ANDY Fairweather Low has spent a lifetime jamming with the likes of Jimi Hendrix, BB King and George Harrison, but he was never more nervous than the day he sat his driving test.
“I drove my band’s Ford Transit van without a licence for years in the Sixties,” he admits. “Then, when I moved back home to Cardiff, Mum wouldn’t hand over the keys to her Hillman Imp until I was street-legal. I was a wreck the morning I took the test — passing was one of the best days of my life.”
Fairweather Low may have been nervous but he had already owned a powerful Shelby Cobra GT, a British-built Marcos sports car and a Jensen Interceptor.
“The Cobra had belonged to Hendrix’s manager, Mike Jeffery. I bragged about it in a newspaper and then, the next day, Customs and Excise impounded it. The car was on import numberplates and the duty was outstanding,” says Fairweather Low, 70.
The guitarist was the face of 1969 with his band Amen Corner, scoring a string of hits including the No 1 (If Paradise Is) Half as Nice. He was born in the Glamorgan mining town of Ystrad Mynach before moving to Cardiff.
The family, including his two brothers, lived in an unheated council house. His father worked as a road sweeper and couldn’t afford a car. “My life changed for good on February 28, 1964, when I saw the Rolling Stones play at Sophia Gardens in Cardiff. From that moment on I wanted to leave school and play in a rock band,” Fairweather Low says.
He moved to London when he was 17 and shared a hotel room with Amen Corner in Sussex Gardens, Bayswater. A UK tour in 1967 with Hendrix, Pink Floyd and Roy Wood’s band the Move, along with appearances on Top of the Pops, helped propel them to fame. “I was earning £25 a week but, when I spotted a cerise Marcos 1600 on a forecourt in Muswell Hill, I knew that was the car for me. I had a record player fitted in the glovebox and a television set in the passenger footwell. My girlfriend, Barbara, now my wife, hated it.”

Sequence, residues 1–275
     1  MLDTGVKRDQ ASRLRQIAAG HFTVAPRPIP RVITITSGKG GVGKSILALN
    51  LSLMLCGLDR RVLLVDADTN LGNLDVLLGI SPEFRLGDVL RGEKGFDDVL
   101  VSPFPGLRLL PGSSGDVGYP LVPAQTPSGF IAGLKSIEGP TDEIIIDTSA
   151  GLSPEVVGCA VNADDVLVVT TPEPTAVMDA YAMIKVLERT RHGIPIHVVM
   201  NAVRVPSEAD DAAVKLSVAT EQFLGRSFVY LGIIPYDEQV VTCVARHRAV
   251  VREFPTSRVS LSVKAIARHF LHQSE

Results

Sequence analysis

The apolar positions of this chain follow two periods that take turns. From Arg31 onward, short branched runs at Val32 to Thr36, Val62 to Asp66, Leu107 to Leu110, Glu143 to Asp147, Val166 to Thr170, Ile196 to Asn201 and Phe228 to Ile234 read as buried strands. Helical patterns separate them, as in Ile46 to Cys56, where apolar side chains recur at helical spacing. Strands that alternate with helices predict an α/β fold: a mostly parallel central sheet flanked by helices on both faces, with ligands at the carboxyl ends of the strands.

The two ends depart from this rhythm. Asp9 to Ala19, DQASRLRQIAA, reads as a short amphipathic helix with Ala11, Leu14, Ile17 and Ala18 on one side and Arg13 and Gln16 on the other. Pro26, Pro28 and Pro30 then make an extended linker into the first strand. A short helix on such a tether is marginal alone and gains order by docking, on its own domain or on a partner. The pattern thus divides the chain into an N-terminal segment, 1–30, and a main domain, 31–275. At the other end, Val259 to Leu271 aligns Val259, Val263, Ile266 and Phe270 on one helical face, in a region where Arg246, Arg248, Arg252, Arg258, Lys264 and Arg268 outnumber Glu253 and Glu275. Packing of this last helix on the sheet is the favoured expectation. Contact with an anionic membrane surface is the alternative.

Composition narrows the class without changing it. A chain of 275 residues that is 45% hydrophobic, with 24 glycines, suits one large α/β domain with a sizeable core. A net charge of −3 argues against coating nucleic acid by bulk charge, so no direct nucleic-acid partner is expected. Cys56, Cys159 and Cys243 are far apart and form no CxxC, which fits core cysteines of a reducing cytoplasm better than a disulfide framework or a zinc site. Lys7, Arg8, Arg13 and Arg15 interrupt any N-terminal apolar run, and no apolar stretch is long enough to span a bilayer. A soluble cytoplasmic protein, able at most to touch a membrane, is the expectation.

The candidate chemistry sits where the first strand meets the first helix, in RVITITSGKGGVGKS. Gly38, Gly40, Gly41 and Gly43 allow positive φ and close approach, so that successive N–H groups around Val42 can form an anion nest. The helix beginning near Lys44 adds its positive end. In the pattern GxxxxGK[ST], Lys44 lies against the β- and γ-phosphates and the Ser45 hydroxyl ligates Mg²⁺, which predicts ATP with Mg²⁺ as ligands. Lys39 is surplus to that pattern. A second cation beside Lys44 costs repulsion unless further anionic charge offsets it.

I used to own Jimi Hendrix’s manager’s Shelby Cobra. Then Customs and Excise took it because the duty hadn’t been paid.
The Shelby, which followed, proved too dangerous on slippery British roads, so he traded it for the Jensen Interceptor. “Compared with the Cobra, it was so reliable and quiet. I fitted an eight-track stereo — it was like sitting in a recording studio.”
When Amen Corner split in a spiral of debt, Fairweather Low moved back to Wales and started the band Fair Weather before turning solo, scoring a hit in 1976 with Wide Eyed and Legless. “I was gigging all over and drove a Ford Granada, then a BMW 3-series,” he says.
In 1983, he played with Eric Clapton at the Royal Albert Hall, then worked with Pink Floyd’s Roger Waters for 20 years. He also toured Japan with George Harrison. “The first time we met was at his mansion, Friar Park. I turned up in a VW Polo and he said, ‘Is that really your car?’ “George was very generous. When the tour ended, he sent me a new guitar and a crate of fine wine.”
The 3-series was swapped for a 5-series, which lasted until 2008, when Fairweather Low bought a second-hand Ford Focus, removing the passenger seat to make space for his guitars. He still has a second-hand Focus and is touring with his band, the Low Riders. “Rock’n’roll is vanity and I have bucketloads of that. What I don’t have much of these days is the money for a fancy car.”
Andy Fairweather Low and the Low Riders play the Shrewsbury Folk Festival on Aug 26 and tour the UK from Sept 6 to Dec 13. Visit andyfairweatherlow.com
Andy Fairweather Low: my life in cars
1968 Marcos 1600 GT
1969 Shelby Cobra GT500
1969 Jensen Interceptor
1974 Ford Granada
1980 BMW 3 Series
1992 BMW 5 Series
2018 Ford Focus Mk I (pictured)
My dream car Aston Martin Vantage